If you could do a duet with any artist, who would you choose?
CR: Well, my answer to this question used to always be Ricky Skaggs. We were able to perform “Make You Mine” with him at the Opry, and were just so blown away that our wildest dream had come true. But, if I’m being totally honest, I think it’d be really cool to duet with Taylor Swift. I’m a fan of her music and I just can’t help it.
What’s next for High Valley?
CR: Our album is about to drop, so we’re very, very excited for the world to hear these songs that we’re so passionate about. Long term, I’d say that our goal is to bring quality, family friendly music into the world. Our biggest dream has been to have shows where families can come together, where moms and dads are able to go to a show with their teenage kids, and everyone has a good time. We don’t want anyone to be disappointed.
Elvis or Johnny Cash?
CR: So, funny story. I actually bought an old farm truck and the previous owner had reupholstered the entire ceiling with about forty pictures of Elvis’ face. So, I drove here today with Elvis. But, if I had to pick one to listen to, I’d probably pick Johnny Cash.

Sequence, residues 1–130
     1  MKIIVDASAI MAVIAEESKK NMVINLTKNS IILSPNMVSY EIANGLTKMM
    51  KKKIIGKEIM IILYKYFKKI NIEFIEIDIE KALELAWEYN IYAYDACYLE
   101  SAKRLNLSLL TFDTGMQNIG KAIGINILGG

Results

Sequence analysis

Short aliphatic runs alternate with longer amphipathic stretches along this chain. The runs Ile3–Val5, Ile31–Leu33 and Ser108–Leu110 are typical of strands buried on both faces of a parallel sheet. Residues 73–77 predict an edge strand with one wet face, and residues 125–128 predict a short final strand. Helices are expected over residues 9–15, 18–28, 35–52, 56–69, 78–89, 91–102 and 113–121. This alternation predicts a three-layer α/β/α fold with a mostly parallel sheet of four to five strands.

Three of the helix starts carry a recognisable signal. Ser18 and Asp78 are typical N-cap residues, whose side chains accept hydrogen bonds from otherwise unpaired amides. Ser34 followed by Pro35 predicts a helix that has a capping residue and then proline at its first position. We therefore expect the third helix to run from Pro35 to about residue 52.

Whiskey or beer?
CR: Neither. I drink lots of water and occasionally an ice-cold Pepsi out of a can.
CR: The main thing we always do is we get the whole band together and we pray and ask God to use us to inspire people.
Thing you miss most from the North?
CR: I’d say that my number one thing would easily be my family. My mom and dad, four of my siblings, and twenty of my nieces and nephews still live up there, and I love and miss them all.
Best way to eat grits?
CR: So, don’t hate me for this—but I think I’ve only had grits one time. They were cheese grits, and they were pretty good, but we just didn’t grow up with ‘em. But, I do love biscuits and gravy if that saves me at all.